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Eighteen counties are among 30 communities targeted by leading national organizations to focus on child development from birth to age 3. Research shows investments in the first three years of life, when a child’s brain develops faster than at any other time period, are most critical in helping more children become more confident, empathetic, contributing members of their communities. About the Pritzker Children’s Initiative

For more than 15 years, the Pritzker Children’s Initiative (PCI) has been committed to a single, attainable goal: that all of our nation’s at-risk children will have access to high-quality early childhood development resources, increasing their likelihood of success in school and life. With a focus on the importance of ages birth to 3, PCI supports initiatives that unlock public and private investments in early childhood development, increase the supply and reach of evidence-based interventions and accelerate innovation and knowledge sharing.

The National Association of Counties, National League of Cities, Center for the Study of Social Policy, National Institute for Children’s Health Quality and StriveTogether each selected community partners that are demonstrating a commitment to ensuring children have a strong start in life.

The partnership is funded by the Pritzker Children’s Initiative, a project of the J.B. and M.K. Pritzker Family Foundation. The Sorenson Impact Center, housed at the University of Utah’s David Eccles School of Business, is working with PCI and the partner organizations to manage the initiative.

“This announcement marks an unprecedented moment in our nation’s commitment to our youngest learners. For the first time, communities across the country will work together to take action to increase high-quality services for children from birth to age 3 toward a common goal of kindergarten readiness,” said Janet Froetscher, president of the J.B. and M.K. Pritzker Family Foundation.

“The communities will support a strong start for babies and toddlers through local solutions: giving children a healthy start at birth, strengthening support for families with infants and toddlers and expanding high-quality care and learning environments.”

The selected communities will launch the initiative in partnership with national organizations supporting the effort. Partner organizations will equip communities with tools to strengthen early childhood systems and share best practices with other cities, counties and states. In turn, communities will share resources that will drive policies and make the case for public and private investment in core services for infants and toddlers.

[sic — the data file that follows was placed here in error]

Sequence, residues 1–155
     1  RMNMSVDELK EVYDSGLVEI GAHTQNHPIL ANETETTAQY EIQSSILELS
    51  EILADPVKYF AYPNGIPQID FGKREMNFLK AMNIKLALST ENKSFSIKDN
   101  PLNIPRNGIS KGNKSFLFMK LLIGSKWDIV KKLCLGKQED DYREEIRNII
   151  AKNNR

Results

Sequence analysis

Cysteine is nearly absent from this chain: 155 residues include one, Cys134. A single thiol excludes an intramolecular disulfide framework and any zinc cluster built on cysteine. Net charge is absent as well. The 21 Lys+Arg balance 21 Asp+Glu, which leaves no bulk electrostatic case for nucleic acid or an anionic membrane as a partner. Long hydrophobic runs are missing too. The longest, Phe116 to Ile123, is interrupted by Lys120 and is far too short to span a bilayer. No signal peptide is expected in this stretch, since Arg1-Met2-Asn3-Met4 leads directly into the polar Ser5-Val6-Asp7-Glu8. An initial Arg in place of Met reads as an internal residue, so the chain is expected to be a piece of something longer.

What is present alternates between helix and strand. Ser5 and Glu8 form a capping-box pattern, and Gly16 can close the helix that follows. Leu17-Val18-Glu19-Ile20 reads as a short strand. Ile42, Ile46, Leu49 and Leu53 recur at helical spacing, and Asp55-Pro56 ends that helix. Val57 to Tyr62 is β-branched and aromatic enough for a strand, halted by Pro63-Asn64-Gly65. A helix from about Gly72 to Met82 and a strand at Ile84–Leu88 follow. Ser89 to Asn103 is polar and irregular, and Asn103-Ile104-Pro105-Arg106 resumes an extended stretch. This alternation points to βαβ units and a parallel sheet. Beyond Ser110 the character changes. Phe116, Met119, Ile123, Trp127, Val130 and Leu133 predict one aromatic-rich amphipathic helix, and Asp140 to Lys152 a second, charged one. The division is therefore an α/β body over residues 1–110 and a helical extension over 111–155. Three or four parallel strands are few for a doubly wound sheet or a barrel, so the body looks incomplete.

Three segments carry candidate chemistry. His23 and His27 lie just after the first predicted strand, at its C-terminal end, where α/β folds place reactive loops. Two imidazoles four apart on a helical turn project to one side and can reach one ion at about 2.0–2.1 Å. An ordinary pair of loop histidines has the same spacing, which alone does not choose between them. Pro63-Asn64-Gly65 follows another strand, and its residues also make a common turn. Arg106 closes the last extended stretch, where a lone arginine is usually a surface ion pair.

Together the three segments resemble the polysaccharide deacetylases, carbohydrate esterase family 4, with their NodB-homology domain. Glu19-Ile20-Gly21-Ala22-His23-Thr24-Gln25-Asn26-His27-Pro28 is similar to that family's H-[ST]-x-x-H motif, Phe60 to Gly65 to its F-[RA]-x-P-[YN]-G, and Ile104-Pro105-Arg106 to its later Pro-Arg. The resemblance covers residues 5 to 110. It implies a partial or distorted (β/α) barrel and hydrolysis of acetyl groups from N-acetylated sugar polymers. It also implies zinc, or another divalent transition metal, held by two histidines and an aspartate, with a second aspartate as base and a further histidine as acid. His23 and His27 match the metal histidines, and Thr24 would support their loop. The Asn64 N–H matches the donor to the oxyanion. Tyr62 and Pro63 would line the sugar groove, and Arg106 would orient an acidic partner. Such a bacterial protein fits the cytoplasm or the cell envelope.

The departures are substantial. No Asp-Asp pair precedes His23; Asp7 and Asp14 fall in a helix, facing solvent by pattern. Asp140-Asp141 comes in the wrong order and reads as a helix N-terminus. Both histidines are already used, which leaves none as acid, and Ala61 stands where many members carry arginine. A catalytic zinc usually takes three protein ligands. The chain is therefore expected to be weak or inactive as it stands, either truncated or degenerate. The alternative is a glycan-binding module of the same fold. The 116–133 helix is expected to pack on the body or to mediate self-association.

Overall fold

The needs of infants and toddlers cannot all be addressed with a one-size-fits-all approach. As part of this joint initiative, local leaders will pursue a variety of interlocking strategies in the child care, health, early childhood education and human services domains that promote and work toward the well-being of young children. These integrated approaches will build on promising existing community-driven efforts and work to address new challenges as they aim to provide parents with unique tools, information and guidance at a time when many feel most overwhelmed.

“We are grateful and proud to partner with the Pritzker Children’s Initiative in our efforts to improve kindergarten readiness. We applaud the pioneering work of the counties and cities named in today’s announcement. County leaders leave no stone unturned in pursuit of our goal to build healthy, vibrant, safe communities for our residents – and the best path to success starts early. With the Pritzker Children’s Initiative, we will strengthen early childhood systems and help to build brighter futures for kids today,” said Matt Chase, NACo executive director.

Research shows that investments in children and their families in the earliest years help communities create better education, health, social and economic outcomes that increase revenue and reduce the need for costly, less effective interventions later in life. With an estimated 3 million of the nation’s youngest children at risk of reaching kindergarten not ready to learn, this initiative seeks a dramatic investment in improving kindergarten readiness.